But relying upon the decision in the case of Madhu Limaye Vs. State of Maharashtra- [1977(4) SCC 551] and Commissioner of Income

Tax Vs. Sun Engineering Works (P) Ltd.- [1992

(4) SCC 363], it has been held that the order issuing process is not an interlocutory order and revision could be preferred against such an order. In V.K. Jain & Ors. Vs. Pratap V.

Padode & another- [2006(2) Crimes 295], the

Hon'ble Bombay High Court has observed that the question which arose for consideration in

Adalat Prasad Vs. Rooplal Jindal (supra),

Subramanium Sethuraman Vs. State of

Maharashtra- [2005(1) Mh.L.J. 626] and K.M.

Mathew Vs. State of Kerala- [1992(1) SCC 217] was whether the Magistrate could recall the process which was issued by him. In these cases, the question did not arise for 1352/2006. consideration whether a revision could be preferred before the Sessions Court against the order issuing process. More over, in

Adalat Prasad's case as is clear from para 8, the said question is not gone into. It is not the ratio decidendi of the judgment in Adalat

Prasad's case. A revision against the order issuing process is not maintainable.

In Bhaskar Industries Ltd. Vs.

Bhiwati Denim & Apparels Ltd.- [2002(1)

MH.L.J. 81] it has been laid down as to whether an order is interlocutory or not cannot be decided by merely looking at the order or merely because the order was passed at an interlocutory stage. The safe test is that if the contention of the petitioner who moves the superior Court in revision as against the order under challenge, is upheld, would the criminal proceedings as a whole culminate? If they would, then the order is not an interlocutory order inspite of the fact that it was passed during any interlocutory stage.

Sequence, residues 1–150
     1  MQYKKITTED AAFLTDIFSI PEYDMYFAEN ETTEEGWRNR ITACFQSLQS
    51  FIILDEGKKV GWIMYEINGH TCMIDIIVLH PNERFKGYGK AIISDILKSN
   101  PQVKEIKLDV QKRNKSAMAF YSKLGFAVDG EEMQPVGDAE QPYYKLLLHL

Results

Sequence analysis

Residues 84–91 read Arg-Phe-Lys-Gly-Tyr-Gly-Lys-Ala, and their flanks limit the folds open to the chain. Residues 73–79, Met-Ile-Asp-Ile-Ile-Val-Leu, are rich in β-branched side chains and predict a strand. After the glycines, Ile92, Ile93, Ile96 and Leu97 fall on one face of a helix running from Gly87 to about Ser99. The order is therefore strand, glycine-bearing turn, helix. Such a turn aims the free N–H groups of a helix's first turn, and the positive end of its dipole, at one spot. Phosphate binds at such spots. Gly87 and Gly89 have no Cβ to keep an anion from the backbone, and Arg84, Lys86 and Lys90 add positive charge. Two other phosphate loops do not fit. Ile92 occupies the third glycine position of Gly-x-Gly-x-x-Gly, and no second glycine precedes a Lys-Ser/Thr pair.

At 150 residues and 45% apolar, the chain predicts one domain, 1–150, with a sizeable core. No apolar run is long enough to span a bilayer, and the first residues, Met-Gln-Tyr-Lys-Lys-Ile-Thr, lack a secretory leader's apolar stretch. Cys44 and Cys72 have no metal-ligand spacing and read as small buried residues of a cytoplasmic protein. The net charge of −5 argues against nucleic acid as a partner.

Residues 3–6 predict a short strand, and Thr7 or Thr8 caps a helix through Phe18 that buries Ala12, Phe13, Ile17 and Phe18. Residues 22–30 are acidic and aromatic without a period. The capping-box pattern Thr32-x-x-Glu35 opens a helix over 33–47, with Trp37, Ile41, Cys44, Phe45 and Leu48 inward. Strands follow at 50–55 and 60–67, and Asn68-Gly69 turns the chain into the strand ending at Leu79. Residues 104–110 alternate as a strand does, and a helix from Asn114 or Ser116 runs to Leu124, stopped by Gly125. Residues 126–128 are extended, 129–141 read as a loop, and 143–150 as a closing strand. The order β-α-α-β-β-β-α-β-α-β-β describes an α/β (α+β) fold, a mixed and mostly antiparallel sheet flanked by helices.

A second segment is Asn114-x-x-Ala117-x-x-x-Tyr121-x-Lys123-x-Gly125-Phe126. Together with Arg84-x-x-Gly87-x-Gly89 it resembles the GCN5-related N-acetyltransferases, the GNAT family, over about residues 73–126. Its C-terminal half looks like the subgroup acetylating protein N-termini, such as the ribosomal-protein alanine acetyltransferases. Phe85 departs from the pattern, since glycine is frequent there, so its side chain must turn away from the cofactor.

In the instant case, if the contention of the present petitioner in respect of the order issuing process is upheld, the proceedings in the said case would come to an end. Hence, in the light of the above decision, the order issuing process cannot be said to be an interlocutory order 1352/2006. even though it may have been passed at an interlocutory stage. A three Judge bench of the Apex Court in the case of Madhu Limaye

(supra) has re-affirmed the decision in the case of Amarnath, the point that the impugned order of Magistrate taking cognizance and issuing process is not an interlocutory order.

In this view of the matter, therefore, the order of the learned court below dismissing the revision is not sustainable and deserves to be set aside.

Consequently, this petition is allowed and the order dated 27.4.2006 passed by the learned Addl. Sessions Judge, Bandikui

Distt. Dausa in Criminal Revision No.21/2006 is quashed and set aside and the matter is remitted to the said learned Addl. Sessions

Judge with the direction to decide it afresh on merits.

(HARBANS LAL), J. anil/-


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Reproduced in accordance with s52(q) of the Copyright Act 1957 (India) from judis.nic.in, indiacode.nic.in and other Indian High Court Websites